*UPDATE PrEP Trial now underway.
PrEP, or Pre-Exposure Prophylaxis, is a medication that, when taken daily, can protect you from getting HIV.
PrEP (Pre-exposure prophylaxis) is a type of medication called Truvada that is already used in Australia to treat HIV. Truvada has been shown to be extremely effective as PrEP at reducing HIV transmission.
Currently, there are two ways to get PrEP in Western Australia: via the PrEPIT-WA trial, or via self importation.
To find out more about the PrEPIT-WA trial, click here. Keep reading for information on self-importing.
What’s an off-Label prescription?
In the absence of readily available Truvada for PrEP in WA, many people are choosing to purchase it from overseas. This is easily done once you have a prescription provided by a doctor where they request the drug “off-label” i.e. for a use that the TGA doesn’t currently approve it for.
How do I get a PrEP prescription?
There are now eight places in Perth you can go to obtain a PrEP prescription.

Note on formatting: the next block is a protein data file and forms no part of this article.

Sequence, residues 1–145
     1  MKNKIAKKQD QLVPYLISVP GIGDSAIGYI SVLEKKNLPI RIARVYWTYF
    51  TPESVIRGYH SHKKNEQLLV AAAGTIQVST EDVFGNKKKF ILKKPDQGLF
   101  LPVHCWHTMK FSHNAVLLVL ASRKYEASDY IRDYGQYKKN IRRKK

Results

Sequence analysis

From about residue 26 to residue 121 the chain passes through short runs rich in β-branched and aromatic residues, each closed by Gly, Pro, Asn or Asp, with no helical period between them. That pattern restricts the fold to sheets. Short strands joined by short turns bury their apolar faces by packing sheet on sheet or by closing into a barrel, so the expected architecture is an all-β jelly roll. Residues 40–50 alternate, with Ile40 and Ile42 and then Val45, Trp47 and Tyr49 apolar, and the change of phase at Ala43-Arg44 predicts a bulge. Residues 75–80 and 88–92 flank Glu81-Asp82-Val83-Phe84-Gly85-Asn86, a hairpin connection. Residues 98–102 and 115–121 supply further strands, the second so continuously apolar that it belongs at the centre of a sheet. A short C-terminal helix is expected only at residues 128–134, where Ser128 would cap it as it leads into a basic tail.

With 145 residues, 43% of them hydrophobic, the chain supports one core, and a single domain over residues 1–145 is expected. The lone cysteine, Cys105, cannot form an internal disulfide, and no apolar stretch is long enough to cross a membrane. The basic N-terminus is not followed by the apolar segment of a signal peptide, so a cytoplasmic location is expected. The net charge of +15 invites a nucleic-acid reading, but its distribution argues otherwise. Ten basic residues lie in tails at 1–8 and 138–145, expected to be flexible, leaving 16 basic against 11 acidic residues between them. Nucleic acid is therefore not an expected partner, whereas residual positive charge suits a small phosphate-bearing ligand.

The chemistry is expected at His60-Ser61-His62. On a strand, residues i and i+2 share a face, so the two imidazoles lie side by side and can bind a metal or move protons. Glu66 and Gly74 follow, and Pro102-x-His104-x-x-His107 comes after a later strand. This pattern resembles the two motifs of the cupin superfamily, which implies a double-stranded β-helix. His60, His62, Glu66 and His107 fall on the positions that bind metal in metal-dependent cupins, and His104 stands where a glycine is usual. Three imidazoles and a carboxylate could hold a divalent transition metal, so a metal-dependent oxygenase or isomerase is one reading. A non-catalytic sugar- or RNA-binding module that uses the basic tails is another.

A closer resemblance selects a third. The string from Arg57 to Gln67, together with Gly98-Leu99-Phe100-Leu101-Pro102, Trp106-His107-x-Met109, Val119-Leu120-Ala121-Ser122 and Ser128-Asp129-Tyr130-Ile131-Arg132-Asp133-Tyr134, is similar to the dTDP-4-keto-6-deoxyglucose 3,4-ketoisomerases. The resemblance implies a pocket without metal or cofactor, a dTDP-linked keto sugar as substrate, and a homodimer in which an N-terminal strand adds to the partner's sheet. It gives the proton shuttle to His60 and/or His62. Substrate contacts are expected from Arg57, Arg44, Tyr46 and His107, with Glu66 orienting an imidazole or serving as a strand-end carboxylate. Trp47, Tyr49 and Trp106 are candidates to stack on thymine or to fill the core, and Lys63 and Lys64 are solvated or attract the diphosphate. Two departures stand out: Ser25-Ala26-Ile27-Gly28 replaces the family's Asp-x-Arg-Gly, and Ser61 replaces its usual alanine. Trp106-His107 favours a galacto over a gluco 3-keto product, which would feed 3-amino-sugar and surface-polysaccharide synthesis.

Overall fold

Click here for the full list.
Adherence (how often you take your meds), is a massive factor in how effective the pill is. The current recommendation is to take PrEP daily – any less and you may not be protected.
Are there side-effects? I’ve heard there’s side effects!
Tenofovir, one of the drugs used in Truvada, has been linked to a number of common temporary side effects including vomiting and diarrhoea and in rare cases acute kidney damage. Getting a prescription from a doctor that is knowledgeable about PrEP is paramount in ensuring you are provided with the right precautions, maintain a steady supply of Truvada and undergo important monitoring for kidney dysfunction. If you are HIV positive without knowing, and were to commence PrEP assuming you were negative, you run the risk of developing resistance to drugs used in Truvada which could limit your HIV treatment options. This is why HIV testing prior to commencing PrEP is so important.
What about other STIs?
While PrEP is effective against HIV, it does not protect you from sexually transmitted infections (STI’s) such as chlamydia, gonorrhoea and syphilis. Condoms remain an effective way of reducing your risk of acquiring STIs, and are also recommended to be used in conjunction with PrEP to achieve the highest protection against HIV infection. If you are taking PrEP, it is recommended that have a sexual health screen every three months.
If you think PrEP would work for you, it’s easier to get than you think, and doesn’t cost as much as you would expect.
PrEP Coupons: http://www.mclinic.org.au/prep/coupon/
PrEP Access Now: https://www.prep.global/get-prep
PrEP'd For Change: Public facebook page